The Starling and the Hatter by Annette K. Larsen EPUB & PDF – eBook Details Online
- Author: Annette K. Larsen
- Language: English
- Formats: PDF / EPUB
- Status: Available for Download
- Series: None
- Price: Free
- File Size: 2 MB
I rifled through the contents of the wagon, stuffing fistfuls of my
belongings into my satchel. The voices yelling back and forth outside were
a mercy. I didn’t have to sneak and be quiet, I could just be fast. Speed was
what I needed most if I were going to escape my brothers.
At first I only grabbed my belongings. Clothing, shoes, a hairbrush, a
bundle of dried meat and nuts, a water pouch, and a thin bedroll. Then the
jangle of a purse caught my attention. Money. Of course I had to take
money with me. I grabbed the purse and took a few precious seconds to
look for more. Leaving my brothers was my first priority, but money would
get me much farther. I found another handful of coins and a gold brooch.
They’d be furious to find me gone, and even more furious when they
realized I’d taken any coins, but I didn’t feel guilty. I’d earned this money.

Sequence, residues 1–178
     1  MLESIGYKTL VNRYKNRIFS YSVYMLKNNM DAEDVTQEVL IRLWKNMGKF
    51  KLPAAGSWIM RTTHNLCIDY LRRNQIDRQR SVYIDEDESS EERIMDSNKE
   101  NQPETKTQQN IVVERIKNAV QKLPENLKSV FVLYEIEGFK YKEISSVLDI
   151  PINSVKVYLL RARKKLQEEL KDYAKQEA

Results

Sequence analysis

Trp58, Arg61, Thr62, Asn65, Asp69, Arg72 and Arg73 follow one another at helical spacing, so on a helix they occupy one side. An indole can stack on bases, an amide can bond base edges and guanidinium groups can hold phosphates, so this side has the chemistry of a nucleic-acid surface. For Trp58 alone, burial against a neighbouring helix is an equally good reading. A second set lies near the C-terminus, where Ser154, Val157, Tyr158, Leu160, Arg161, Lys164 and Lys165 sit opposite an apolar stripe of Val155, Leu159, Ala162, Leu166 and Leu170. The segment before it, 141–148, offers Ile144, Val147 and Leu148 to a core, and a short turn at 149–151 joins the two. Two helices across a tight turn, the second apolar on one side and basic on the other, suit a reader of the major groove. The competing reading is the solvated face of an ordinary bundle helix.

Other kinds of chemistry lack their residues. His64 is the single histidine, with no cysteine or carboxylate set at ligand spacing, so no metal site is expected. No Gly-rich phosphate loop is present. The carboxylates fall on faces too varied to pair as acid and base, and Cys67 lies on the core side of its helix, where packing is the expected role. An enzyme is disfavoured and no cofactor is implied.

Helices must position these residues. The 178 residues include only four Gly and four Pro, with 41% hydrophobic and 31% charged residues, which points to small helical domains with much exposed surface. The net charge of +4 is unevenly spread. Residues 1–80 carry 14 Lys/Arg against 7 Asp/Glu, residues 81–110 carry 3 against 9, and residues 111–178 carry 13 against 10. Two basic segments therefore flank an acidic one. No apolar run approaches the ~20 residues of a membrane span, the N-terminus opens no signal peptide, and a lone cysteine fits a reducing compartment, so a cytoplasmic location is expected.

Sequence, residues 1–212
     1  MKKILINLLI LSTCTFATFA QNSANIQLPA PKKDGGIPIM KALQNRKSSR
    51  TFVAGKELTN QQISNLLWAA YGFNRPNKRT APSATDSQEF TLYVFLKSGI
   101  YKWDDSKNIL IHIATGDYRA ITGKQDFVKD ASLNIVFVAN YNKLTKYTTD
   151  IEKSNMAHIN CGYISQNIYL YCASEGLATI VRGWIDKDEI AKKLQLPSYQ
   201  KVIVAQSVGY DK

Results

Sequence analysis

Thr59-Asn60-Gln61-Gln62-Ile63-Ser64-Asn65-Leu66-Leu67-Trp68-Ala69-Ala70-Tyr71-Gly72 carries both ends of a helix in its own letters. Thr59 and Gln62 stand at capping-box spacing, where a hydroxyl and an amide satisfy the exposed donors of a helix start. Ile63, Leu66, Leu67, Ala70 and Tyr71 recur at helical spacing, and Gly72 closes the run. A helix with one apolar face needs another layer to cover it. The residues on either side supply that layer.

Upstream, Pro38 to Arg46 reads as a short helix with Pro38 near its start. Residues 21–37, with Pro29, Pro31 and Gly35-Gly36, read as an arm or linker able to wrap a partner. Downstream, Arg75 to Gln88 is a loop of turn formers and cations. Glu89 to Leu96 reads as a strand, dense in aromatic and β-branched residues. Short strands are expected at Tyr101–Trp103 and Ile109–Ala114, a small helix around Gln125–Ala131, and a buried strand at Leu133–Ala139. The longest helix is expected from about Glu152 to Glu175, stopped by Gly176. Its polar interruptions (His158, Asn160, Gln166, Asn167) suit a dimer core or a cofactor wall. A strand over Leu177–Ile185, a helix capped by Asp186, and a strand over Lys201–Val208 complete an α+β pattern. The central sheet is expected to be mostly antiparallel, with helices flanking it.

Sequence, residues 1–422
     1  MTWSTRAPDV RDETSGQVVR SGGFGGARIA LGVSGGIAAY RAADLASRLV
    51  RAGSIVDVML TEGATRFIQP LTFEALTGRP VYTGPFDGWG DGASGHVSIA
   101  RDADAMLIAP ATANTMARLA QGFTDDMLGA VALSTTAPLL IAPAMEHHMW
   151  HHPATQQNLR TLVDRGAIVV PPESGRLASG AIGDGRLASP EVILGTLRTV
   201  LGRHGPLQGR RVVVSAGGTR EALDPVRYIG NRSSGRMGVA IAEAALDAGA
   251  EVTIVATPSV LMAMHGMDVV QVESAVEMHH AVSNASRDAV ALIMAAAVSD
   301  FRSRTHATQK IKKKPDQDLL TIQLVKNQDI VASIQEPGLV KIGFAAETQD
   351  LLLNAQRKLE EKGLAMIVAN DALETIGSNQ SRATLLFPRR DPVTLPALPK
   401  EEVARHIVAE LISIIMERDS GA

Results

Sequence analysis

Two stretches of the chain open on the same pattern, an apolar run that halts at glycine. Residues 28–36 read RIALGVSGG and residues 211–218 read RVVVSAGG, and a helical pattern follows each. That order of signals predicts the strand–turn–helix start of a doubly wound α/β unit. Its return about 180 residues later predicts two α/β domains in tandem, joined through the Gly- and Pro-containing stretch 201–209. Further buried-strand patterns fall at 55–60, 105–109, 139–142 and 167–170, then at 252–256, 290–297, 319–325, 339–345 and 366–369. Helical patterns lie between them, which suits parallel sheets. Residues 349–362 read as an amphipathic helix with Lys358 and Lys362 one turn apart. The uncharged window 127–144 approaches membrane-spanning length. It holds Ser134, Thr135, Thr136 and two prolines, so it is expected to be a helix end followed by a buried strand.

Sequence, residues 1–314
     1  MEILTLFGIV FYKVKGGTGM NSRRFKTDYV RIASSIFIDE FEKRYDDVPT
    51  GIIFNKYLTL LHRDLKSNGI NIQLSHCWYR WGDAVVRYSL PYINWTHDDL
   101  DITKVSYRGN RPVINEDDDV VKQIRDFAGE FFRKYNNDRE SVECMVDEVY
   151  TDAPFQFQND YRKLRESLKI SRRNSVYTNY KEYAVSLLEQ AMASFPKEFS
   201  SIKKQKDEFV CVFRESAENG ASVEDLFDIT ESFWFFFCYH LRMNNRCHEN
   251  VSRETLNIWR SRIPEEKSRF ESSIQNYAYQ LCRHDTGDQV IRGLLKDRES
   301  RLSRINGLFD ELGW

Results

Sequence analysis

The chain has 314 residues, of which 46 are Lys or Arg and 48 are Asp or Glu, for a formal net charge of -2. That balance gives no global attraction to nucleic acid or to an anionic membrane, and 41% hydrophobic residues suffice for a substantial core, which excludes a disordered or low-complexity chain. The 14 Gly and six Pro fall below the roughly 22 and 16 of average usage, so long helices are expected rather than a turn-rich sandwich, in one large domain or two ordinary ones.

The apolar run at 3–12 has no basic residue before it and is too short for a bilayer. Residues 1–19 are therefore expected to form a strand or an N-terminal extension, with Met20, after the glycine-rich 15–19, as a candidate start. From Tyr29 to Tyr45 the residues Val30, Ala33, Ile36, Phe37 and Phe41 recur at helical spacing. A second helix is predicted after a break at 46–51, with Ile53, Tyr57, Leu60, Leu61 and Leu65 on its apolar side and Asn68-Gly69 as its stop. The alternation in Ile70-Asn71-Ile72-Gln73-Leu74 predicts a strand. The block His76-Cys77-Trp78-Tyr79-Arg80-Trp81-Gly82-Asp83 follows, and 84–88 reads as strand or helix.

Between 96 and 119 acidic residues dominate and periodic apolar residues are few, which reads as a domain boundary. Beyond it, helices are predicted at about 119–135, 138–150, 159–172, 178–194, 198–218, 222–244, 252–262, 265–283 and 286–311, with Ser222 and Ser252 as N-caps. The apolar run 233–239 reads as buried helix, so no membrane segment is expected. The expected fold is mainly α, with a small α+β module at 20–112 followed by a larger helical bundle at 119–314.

As one of the three infamous Wolfe siblings, I’d performed and bewitched
and collected coins from audiences that were always dazzled by the act we
put on. Our unique wagon had been built to resemble a great beast or wolf,
and I always played the damsel in distress in our dramatic act. It was a
performance we’d worked hard to hone and improve, and the audience
I was done being the damsel in distress.
Looking around the dark wagon interior one more time, I wrapped my
cloak around me and threw the satchel across my back. I’d lived my life in
this wagon, curled up in my corner. I’d done everything I was told in
exchange for the assurance that my brothers would take care of me. But
today, they had been the ones to injure me. They’d been the ones to throw
me in the hold beneath the wagon as punishment for daring to stand up for
someone. The only reason I was free now was due to the kindness of a
I owed my brothers nothing but contempt, and I refused to live under the
combined misery of their violent hands and oppressive heels any longer.
So I slipped out the door and down the two small steps at the back of the
wagon, grateful that the strangers who had pulled me from the hold still had
my brothers restrained and distracted.
I jumped to the ground and ran into the woods, thankful for the dark night
that hid me. The village of Murrwood was just north of here, which meant I
would have to skirt the peddlers’ camp in order to go there. I didn’t expect
anyone would notice my departure. They were all captivated by the
spectacle of my brothers arguing with those they had wronged. So I hurried
through the trees, anxious to put as much space between me and my
brothers as possible.
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